Carbon-60 fullerenes–cagelike molecules of 60 carbon atoms (C60)–are easily coaxed
into polymer chains. Trying to do the same for less-symmetrical C70 fullerenes has
proven so frustrating, however, that some scientists have speculated that it can’t
Never say never. In the July 27 Science, Alexander V. Soldatov, now of Harvard
University, and researchers in Germany, Russia, Austria, and Sweden describe how
they managed the feat.
Computer modeling enabled the researchers to identify a crystal form of C70 in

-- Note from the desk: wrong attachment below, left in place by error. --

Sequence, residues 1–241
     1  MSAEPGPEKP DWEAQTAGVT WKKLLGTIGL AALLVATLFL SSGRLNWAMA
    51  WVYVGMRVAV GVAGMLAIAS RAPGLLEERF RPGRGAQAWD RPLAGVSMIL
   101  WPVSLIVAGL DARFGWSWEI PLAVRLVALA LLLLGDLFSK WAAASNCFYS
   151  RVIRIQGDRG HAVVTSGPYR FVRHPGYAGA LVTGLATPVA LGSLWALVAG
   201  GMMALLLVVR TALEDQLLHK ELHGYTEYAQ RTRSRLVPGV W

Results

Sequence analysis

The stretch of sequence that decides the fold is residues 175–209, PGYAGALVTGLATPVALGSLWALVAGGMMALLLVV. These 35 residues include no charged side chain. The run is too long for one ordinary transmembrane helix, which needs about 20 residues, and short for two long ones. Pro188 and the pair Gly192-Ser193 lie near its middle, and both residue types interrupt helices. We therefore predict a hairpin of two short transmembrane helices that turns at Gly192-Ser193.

which the molecules align in an orientation that could lead to polymerization.
After exposing a single crystal to high pressures and temperatures to trigger such
a reaction, the researchers used spectroscopy, X-ray diffraction, and nuclear
magnetic resonance imaging to examine the result. Their data showed that they
indeed had created zigzagging polymeric chains of C70.
This is the first time that researchers have determined the atomic positions in a
fullerene polymer, claims Soldatov. Such molecular-scale detail might help
researchers find ways to use high pressure to convert fullerenes into superhard
materials, he says.